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Business continuity

Driving business continuity in response to cyber-attacks

Every business that uses a corporate network, or an online system is vulnerable to cyber-attacks. Hackers can significantly disrupt daily business operations by introducing malicious code into their business environment.

To protect your organisation, you must ensure that there is a dedicated focus on business continuity by establishing a community of business continuity champions. This community must be dedicated to raising awareness about cyber-attacks and about BCPs (Business Continuity Plans). Each business unit must have a champion who is a process expert that understands the value of each business process and the inter-dependencies with other business units. The BCP champion will be responsible for ensuring that each team member understands the impact of cyber-attacks and the BCPs and policies that are in place.

Here are some of the focus areas of the champions:

1.Run cyber awareness campaigns

Cyber awareness campaigns and training sessions are geared towards changing staff behaviours, to reduce the likelihood of having to invoke a BCP in response to a cyber-attack. The change in behaviour must be measurable to ensure that behaviours really are changing. The goal is to get to a position where staff members are so vigilant online that they never fall for any scams that could result in a cyber-attack.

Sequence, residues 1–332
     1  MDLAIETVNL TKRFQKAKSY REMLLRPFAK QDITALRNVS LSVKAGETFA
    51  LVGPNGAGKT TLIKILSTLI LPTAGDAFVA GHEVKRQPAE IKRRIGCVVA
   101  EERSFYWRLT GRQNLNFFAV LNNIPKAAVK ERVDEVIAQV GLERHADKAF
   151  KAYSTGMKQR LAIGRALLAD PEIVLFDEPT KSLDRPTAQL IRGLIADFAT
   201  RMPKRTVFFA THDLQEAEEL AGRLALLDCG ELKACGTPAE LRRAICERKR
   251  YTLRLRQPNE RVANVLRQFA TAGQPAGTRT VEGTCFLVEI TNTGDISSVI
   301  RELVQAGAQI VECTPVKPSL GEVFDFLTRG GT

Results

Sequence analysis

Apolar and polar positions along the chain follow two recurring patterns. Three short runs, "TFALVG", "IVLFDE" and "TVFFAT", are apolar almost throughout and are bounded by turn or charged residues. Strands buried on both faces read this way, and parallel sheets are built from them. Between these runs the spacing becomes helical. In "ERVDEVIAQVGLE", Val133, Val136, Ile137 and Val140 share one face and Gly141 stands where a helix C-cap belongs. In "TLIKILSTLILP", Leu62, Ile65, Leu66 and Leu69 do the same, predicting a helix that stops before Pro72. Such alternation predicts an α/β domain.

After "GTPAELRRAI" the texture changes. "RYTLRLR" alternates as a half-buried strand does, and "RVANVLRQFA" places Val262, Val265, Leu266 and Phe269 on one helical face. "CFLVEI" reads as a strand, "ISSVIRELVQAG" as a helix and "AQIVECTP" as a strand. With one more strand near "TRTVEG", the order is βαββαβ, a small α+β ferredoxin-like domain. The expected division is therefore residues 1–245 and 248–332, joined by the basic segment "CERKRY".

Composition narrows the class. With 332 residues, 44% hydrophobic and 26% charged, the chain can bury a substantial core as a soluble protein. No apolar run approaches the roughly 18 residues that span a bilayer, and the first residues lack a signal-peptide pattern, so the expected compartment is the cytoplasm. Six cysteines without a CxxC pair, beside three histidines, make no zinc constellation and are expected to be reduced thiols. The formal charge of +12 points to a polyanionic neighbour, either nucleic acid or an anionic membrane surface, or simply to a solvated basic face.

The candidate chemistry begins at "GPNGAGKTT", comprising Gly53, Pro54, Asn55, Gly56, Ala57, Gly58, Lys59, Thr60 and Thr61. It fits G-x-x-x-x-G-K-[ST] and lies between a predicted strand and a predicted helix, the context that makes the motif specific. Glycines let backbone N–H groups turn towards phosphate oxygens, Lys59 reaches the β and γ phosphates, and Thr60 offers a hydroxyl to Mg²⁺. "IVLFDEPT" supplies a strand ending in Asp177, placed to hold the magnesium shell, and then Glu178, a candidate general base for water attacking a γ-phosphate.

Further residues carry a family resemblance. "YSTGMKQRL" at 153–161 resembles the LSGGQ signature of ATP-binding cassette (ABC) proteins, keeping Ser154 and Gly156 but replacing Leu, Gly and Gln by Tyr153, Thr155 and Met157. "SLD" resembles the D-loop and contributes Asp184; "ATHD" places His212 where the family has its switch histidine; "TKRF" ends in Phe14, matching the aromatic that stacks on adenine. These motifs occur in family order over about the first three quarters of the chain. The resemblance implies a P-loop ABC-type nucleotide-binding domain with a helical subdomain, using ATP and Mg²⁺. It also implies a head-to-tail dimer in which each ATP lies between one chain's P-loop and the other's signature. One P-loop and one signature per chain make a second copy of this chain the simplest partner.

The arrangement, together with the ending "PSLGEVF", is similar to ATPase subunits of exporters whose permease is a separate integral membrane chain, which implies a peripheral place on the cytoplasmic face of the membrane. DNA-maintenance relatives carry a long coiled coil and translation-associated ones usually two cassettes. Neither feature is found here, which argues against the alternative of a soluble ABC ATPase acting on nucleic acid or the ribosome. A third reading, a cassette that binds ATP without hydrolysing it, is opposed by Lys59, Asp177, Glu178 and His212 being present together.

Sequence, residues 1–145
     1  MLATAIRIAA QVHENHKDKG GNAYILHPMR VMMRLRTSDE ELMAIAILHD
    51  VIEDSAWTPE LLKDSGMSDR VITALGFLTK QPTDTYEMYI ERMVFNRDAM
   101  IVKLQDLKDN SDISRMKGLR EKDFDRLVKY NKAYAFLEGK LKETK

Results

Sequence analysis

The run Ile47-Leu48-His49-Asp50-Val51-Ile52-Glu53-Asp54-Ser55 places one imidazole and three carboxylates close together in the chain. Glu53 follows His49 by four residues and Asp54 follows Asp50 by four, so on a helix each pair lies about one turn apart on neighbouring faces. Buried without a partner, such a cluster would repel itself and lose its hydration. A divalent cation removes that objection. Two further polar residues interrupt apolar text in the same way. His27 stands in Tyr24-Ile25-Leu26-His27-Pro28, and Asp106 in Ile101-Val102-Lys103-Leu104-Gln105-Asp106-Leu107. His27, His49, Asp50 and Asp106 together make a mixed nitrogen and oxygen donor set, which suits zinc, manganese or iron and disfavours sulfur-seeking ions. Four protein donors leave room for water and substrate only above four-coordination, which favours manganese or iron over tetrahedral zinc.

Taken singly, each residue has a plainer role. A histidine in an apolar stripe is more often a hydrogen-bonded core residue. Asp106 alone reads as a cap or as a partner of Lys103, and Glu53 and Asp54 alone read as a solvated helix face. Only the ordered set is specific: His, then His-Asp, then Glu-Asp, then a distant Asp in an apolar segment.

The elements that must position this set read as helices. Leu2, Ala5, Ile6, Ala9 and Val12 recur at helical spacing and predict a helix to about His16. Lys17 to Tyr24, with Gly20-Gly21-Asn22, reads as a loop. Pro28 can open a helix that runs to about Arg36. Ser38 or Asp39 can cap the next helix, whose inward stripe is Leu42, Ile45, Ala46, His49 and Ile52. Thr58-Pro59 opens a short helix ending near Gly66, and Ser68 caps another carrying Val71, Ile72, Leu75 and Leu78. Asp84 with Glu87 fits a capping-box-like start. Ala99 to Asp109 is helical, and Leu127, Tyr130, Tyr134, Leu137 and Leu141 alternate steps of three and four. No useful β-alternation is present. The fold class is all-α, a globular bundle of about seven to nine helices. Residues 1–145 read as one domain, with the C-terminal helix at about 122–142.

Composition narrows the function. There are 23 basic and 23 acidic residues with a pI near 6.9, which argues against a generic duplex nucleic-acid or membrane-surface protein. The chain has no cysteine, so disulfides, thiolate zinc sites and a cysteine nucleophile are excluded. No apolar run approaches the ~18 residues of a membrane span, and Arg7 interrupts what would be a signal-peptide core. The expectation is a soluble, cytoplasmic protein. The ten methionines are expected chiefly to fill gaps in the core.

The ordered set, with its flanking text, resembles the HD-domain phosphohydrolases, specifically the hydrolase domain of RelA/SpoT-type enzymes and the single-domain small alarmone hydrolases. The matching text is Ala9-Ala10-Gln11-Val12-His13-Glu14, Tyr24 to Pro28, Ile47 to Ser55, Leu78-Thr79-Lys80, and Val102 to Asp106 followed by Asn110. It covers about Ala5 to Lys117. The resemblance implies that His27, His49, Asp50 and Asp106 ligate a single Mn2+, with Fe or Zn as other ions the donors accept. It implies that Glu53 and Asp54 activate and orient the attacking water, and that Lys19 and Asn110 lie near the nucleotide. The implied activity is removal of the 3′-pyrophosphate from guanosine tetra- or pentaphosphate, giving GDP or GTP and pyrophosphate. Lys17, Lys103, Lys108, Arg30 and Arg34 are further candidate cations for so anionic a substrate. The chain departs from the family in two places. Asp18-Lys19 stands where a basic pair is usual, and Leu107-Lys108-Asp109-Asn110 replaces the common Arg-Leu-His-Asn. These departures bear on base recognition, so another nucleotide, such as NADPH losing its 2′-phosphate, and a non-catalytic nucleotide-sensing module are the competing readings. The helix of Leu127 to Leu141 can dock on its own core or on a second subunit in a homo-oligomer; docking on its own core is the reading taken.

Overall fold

2. Prioritise process inventories

The business units must create a list of their processes in a Business Impact Analysis (BIA) format, detailing which processes will be prioritised during a period of disruption. This process inventory must be agreed upon and signed off by the process owners to ensure that process prioritisation is clear and accurate.

3. Update BCPs to include cyber scenarios

While most organisations already have a BCP document in place, it might cater for ‘where will we work if the building burns down?’, or ‘who will make decisions if the executive team is unavailable?’. Many BCP documents do not detail ‘how will we work if the networks or systems go down?’.

4. Define continuation strategies

The BCP must, for each process, contain various continuation strategies to respond to the nature of the outage. It is important to indicate which continuation strategies require additional resources, where those resources would come from, what training would they require, and how soon could they start. Therefore, the ease and practicality of the continuation strategy must be clear so that when the time comes to invoke the BCP, the Invoker selects the most appropriate continuation strategy depending on the nature of the attack and outage.

A comprehensive BCP will also detail what to do during and after a network and/or systems outage, depending on the nature and impact of the outage to return to “business as usual”.

Need help creating and a maintaining business continuity plan to help ensure business processes can continue during emergencies and cyber-attacks? Analyze can help. Give us a call on 021 447 5696  or get in touch by using the contact form on our contact page here or visit our LinkedIn page here.

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